I think the technology is a positive. It depends on how you use it. The pros are that the information is easy to access. The cons? It makes a lot of people lazy. They tend to think that because they can get information just like that, sometimes they think that transfers to being able to develop their ability to play and to internalize that information. I had a student ask me one time, “This is good that we’re going to study melodious etudes and we’re going to start transcribing these solos, but what’s the shortcut?” I said, “Shortcut? The shortcut is the straightest line between where you’re standing and the practice room. There’s no app for your ability. You have to actually do that work. You can’t Google that. You have to practice.” The pros are obvious. They’re not going to record stores or libraries. They have access to that information 24 hours a day, immediately. I think that’s great, but I’m glad that I grew up with having to go to the library to check out a book to do a report. I understand that for the younger generation they think it’s always been this way and anything they want should come immediately, because the information comes immediately, but I tell them that there’s something called a process. It’s great that you can access information, but the opportunity to actually learn something, you have to go through that learning process. I’m fortunate that I grew up in a time when the TV actually would sign off at 11 or whatever.

When you think about making music now, kids don’t make music the same way, they don’t buy the same way. I still love LPs and CDs. I love liner notes. As a musician to remain relevant, I do make my CDs available to download, because I don’t want anyone to not have the opportunity to hear my music. I’m a part of it too. But I also have every CD and album I ever bought.  I still have books. I still have those things. I like what’s tangible and what I can touch. I don’t have anything against the modern world, but I’m glad that I had a chance to see where it’s come from and where it’s come to.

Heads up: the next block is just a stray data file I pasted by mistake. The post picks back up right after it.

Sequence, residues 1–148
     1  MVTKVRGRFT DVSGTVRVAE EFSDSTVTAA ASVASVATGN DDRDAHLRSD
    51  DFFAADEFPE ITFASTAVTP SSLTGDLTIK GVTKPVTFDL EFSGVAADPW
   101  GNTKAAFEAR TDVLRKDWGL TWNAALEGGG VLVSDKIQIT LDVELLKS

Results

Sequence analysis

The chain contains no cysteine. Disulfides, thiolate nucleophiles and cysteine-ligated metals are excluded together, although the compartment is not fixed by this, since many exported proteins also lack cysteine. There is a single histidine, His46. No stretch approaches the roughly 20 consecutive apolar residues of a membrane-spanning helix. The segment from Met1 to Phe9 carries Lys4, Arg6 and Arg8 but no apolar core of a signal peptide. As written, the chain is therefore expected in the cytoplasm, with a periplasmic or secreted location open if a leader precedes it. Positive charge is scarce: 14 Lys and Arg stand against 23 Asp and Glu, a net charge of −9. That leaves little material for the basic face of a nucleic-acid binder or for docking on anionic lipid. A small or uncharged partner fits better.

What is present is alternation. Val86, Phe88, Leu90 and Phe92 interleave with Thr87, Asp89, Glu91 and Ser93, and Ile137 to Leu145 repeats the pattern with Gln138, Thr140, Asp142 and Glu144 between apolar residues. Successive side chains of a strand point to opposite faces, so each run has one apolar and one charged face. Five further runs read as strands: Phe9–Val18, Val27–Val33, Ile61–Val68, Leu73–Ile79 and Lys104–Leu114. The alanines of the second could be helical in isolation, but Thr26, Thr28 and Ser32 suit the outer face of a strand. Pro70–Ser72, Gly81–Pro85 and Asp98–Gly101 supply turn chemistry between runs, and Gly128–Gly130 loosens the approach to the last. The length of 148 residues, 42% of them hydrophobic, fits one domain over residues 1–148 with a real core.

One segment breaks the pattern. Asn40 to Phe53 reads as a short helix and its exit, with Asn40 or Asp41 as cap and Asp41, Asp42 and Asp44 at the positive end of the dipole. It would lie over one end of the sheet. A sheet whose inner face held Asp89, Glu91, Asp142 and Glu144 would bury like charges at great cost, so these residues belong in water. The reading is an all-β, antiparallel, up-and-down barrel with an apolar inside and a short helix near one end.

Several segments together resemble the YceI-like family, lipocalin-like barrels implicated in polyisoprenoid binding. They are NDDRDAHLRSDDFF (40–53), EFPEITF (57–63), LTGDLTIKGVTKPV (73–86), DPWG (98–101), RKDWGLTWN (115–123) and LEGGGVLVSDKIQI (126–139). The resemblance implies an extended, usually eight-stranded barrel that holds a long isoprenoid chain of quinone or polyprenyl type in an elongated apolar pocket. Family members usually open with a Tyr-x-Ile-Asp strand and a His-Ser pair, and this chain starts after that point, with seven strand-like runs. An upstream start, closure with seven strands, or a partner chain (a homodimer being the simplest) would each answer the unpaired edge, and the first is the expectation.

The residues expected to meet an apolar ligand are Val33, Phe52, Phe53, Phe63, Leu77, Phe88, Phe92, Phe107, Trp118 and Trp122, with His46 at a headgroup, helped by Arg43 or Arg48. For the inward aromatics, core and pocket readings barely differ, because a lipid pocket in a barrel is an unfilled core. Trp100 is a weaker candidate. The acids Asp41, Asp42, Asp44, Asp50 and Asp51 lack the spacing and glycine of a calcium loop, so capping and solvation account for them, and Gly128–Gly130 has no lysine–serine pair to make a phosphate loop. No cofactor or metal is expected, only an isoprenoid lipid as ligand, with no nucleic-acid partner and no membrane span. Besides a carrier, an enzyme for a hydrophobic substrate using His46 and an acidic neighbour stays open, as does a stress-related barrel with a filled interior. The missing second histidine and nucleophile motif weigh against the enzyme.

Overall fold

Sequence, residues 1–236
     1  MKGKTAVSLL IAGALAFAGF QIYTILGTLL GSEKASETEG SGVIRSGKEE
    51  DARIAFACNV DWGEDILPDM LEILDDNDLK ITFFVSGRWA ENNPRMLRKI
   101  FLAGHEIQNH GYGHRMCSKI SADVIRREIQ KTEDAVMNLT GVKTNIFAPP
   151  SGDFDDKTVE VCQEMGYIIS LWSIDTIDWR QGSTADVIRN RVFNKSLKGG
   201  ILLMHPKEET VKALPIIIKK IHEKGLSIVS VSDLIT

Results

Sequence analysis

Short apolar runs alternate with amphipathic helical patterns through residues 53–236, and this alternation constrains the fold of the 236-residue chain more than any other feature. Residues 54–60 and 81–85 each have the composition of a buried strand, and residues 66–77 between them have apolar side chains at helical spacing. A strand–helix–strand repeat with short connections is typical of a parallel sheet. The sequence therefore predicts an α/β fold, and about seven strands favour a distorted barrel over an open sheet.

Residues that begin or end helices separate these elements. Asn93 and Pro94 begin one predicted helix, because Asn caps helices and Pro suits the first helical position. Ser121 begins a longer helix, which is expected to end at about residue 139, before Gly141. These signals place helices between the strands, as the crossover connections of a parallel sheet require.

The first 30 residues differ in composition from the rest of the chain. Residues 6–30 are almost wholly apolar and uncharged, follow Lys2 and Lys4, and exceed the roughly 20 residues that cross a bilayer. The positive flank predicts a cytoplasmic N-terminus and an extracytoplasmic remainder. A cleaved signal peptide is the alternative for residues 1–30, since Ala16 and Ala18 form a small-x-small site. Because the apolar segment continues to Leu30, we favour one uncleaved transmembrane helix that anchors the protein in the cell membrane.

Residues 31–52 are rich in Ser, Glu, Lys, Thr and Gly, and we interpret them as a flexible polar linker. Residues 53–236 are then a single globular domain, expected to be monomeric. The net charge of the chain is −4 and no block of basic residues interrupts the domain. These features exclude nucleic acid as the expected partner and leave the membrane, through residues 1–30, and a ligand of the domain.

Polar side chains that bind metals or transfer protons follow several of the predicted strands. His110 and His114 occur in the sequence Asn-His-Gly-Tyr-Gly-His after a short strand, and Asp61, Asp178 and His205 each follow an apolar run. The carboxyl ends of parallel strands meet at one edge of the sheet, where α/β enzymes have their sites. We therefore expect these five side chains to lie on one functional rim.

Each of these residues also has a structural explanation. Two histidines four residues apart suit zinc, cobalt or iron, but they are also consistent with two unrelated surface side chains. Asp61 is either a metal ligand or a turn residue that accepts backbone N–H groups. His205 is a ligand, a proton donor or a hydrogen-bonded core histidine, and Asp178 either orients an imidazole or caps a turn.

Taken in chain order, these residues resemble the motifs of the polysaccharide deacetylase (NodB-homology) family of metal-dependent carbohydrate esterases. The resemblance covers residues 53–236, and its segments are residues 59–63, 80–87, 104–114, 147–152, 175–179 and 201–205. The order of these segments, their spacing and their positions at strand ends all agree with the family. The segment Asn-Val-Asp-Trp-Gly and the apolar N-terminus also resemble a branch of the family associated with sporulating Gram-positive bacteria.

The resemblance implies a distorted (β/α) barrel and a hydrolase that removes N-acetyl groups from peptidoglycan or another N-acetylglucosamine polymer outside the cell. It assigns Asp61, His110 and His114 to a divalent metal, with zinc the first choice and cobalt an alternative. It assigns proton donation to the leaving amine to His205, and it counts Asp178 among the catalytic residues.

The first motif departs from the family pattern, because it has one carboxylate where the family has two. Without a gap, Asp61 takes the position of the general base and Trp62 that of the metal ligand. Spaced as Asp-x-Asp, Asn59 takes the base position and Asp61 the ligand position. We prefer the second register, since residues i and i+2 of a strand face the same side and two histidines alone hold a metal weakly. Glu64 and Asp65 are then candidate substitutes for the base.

You’ve got your own soprano trombone or slide trumpet. What’s the difference between those?

What makes it different is the bore size. The instruments pretty much sound the same, inasmuch as a cornet and a trumpet sound the same. There are subtle differences, and unless you’re a trained musician or an audio engineer, you’re probably not going to hear it. A cornet sounds like a trumpet with the exact same pitch, but a cornet has a conical bore and a trumpet has a cylindrical bore, so there are sound differences. The soprano trombone is like a slide trumpet, but it’s almost like the difference between a flugelhorn and a trombone. A flugelhorn is going to sound like a trumpet, but it has that bigger bell, so it’s a much warmer sound.

I decided to play all the trombones and I found the soprano trombone. They were used a couple of hundred years ago in classical operas and were played by trumpet players. They were slide trumpets. I know Steve Bernstein is playing it, but I never really see anyone playing it. So I thought, “I’ll play this too. Why not?” We’re developing a Wycliffe Gordon model, because there are a couple of companies that make them but I’m a Yamaha artist. We’ve approached them about making one, but I’m thinking it’s because the demand may not be there. But when I play it, there are quite a few kids and adults who ask about the instrument and want to get it, just for fun. Why not have my own line of mouthpieces? Why not have my own line of those instruments I’m playing?